The truth of property listings is that there’s no one, single truth. You’ll have to carve out your own style and way of doing things. 

We can give you some loose guidelines, though. Here’s how to craft your can’t-be-beat, you-WANT-this-home listing: 

Don’t Worry About Being Perfect (That’s for Later)

We know, we know – this post is literally titled the “perfect property listing!” But perfection is for later. 

As you begin to write, do so fearlessly. Don’t worry about getting it just right. As you read and reread, you’ll naturally start to edit, perfect, and tighten things up. For now, just write. You can edit like a beast afterward.

Turn Out a GREAT Headline

Did you know that 80% of people will read your headline – but only 20%, on average, will read your listing copy?

Boost your personal average. Remember, don’t do what every else does. Think different. Add humor, if that’s your thing. Be witty. Or maybe go bold. Whatever works for you. For inspiration, think: 

  • Architecture buff? Design aficionado? Wine collector? Welcome home. (High-design home with a wine cellar)
  • Champagne-taste architecture. Beer-budget maintenance. (Tropical-design home built to withstand the elements.)
  • Nerdy Has Always Been Cool. Here, It’s Even Cooler. (Smart home.)

If you’re stuck, you can find some great real estate property description examples not on broker sites, but on vacation home listing sites: property managers and owner-managers have made an art out of tweaking their headlines! (Sort by most/highest ratings and you’ll see what we mean.)

Focus on Your Opening Statement

If only 20% of people read your listing, even fewer will read your entire listing copy

Think of it like this: Your headline has to be good enough that they want to read the first line. The first line has to be good enough that they’ll want to read the second. And so on and so on. 

Make your first line count. Obsess over it as much as you obsess over your headline. It should be powerful, attention-catching, and evocative. Emotion (a buyer’s emotions, that is) matter!

Be Precise. And Concise.

Do yourself a favor: Write a precise and complete description. Then cut all the fluff. Ideally, your listing will include just a few short but powerful paragraphs. Follow it up with a bulleted list of features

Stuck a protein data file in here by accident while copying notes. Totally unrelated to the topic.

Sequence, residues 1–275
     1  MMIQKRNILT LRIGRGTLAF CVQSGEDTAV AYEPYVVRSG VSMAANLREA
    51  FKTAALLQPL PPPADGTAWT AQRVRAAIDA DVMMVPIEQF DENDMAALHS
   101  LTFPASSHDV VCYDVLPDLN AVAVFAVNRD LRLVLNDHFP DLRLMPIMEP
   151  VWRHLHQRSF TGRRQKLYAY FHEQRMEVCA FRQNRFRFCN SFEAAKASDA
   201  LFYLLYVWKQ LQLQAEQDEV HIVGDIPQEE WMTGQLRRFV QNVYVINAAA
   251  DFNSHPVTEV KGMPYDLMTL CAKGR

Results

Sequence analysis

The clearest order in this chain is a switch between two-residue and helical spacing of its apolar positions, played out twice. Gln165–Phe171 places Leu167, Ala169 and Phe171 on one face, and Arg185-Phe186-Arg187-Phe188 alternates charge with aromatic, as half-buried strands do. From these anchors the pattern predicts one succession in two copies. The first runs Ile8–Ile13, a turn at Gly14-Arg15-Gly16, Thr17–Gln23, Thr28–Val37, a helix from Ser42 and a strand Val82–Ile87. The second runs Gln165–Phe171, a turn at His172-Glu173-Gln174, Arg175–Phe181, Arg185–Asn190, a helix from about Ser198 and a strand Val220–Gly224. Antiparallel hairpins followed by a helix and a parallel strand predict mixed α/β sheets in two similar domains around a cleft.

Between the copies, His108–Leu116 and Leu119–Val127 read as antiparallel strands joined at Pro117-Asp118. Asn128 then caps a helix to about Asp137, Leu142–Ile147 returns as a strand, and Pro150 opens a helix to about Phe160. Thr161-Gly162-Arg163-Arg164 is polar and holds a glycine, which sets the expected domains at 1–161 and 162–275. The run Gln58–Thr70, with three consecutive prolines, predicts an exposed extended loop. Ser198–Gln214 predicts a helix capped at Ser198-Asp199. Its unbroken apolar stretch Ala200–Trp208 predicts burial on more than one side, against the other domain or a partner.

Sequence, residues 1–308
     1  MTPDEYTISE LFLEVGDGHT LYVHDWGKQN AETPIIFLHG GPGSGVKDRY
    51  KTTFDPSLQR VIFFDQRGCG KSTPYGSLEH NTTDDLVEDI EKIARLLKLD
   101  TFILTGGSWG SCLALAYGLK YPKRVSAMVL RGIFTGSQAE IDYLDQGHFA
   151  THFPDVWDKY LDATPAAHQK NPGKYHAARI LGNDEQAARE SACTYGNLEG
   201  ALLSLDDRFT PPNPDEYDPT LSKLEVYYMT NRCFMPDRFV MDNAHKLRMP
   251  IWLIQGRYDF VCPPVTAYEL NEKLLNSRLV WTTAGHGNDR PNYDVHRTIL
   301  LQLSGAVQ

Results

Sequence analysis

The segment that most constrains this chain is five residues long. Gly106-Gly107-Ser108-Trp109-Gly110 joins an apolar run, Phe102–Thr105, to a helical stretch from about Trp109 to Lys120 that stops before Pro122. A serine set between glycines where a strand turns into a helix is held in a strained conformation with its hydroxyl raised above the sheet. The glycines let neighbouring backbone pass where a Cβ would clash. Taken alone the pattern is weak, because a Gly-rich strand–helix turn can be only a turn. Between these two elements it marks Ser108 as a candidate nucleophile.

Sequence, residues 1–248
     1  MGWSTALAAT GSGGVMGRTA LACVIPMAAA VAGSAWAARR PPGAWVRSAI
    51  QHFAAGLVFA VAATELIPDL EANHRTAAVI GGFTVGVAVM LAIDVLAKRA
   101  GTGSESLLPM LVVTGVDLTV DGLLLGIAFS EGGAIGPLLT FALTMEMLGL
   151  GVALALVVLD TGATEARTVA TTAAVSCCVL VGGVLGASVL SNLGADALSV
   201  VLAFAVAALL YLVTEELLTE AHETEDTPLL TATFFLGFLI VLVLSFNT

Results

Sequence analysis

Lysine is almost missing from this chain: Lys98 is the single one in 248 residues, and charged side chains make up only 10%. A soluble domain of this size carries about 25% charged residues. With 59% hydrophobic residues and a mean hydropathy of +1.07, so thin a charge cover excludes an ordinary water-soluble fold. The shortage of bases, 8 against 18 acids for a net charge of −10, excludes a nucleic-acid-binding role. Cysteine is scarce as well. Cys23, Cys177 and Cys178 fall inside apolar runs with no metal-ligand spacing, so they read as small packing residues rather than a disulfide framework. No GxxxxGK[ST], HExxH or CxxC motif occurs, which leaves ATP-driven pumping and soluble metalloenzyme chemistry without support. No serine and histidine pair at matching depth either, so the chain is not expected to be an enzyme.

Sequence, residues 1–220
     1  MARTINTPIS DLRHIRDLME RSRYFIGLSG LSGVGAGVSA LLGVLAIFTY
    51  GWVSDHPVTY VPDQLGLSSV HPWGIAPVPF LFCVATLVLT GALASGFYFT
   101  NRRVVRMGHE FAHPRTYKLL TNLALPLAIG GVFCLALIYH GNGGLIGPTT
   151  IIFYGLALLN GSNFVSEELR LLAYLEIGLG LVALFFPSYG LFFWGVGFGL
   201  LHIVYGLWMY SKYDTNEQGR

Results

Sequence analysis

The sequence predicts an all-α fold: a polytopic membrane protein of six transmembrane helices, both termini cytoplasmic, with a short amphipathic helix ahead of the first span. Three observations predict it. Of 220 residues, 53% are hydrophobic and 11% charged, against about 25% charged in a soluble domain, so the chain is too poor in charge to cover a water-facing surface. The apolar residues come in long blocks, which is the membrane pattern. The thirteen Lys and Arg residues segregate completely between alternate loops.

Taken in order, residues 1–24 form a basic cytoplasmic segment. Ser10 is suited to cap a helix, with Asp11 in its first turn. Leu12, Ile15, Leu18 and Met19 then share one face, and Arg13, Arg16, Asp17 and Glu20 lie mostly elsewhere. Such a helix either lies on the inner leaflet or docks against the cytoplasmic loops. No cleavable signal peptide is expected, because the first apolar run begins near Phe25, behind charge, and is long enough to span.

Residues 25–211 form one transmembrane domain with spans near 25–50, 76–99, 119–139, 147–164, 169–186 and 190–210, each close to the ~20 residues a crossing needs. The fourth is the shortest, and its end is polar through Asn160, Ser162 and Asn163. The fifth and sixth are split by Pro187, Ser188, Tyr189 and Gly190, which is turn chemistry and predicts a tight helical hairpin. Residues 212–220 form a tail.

Tell Your Property’s Story. Don’t Forget Your USPs.

Remember the branding exercise you started with? Now’s the time to let your creativity shine!

Be sure that your precise, concise listing accurately portrays your property’s “brand.” Is it a sassy little pied-à-terre or a suave and sprawling Bond-worthy estate? Your few short paragraphs need to make this clear. 

Edit. Then Ask Your Fellow Agents to Edit Some More. 

Here’s where “perfection” comes into play. After you think you have everything ready, it’s time to ready your listing. And that starts with some merciless editing.

Use Grammarly or a similar tool to start with the easy stuff. Then, read your listing and edit yourself. If you have trouble editing yourself, use a tool (like TTSReader) to read your listing out loud (it can be easier to catch mistakes this way). 

Once you’ve done the first round of edits, hand off your listing to a trusted fellow real estate agent. Ask them to read with a critical eye. (Even better, if they’re familiar with the property, ask them if you’ve missed anything they’d consider essential!)

And once you’ve finished that round of edits, circle back and see if there’s anything else to trim (too many adjectives? repetition?), change, or strengthen.

Finish with a Call to Action

Your brokerage’s website should have plenty of calls-to-action listed throughout – from the sidebar to the site’s header and footer. That said, if you can, add a direct call-to-action at the bottom of your listing (unless there’s one right there already). 

Listing Overwhelm? We’re Here to Help!

Peak Marketing for real estate listings

This step-by-step guide may not be very long, but writing a great listing isn’t a simple matter. (If it were, everyone would do it!) 

After all, there’s an entire industry devoted to just this topic: Real estate copywriting is an art and a science and perhaps a bit of alchemical magic thrown in for good measure.  

If writing isn’t your passion or your interest or your wheelhouse, then every property listing and every piece of marketing content you produce can feel like a slog through endless and confusing lists of must-dos and don’t-forgets. If that’s your case, then we’re here to help. 

At Peak Integrated Marketing, we take our clients’ listing copy seriously. In fact, our team includes a dedicated copywriting expert whose entire job is to do everything above (and a lot more). Not just so you don’t have to, but so that your website and your brokerage get the search engine love they truly deserve. So please, get in touch and let’s talk. We look forward to it!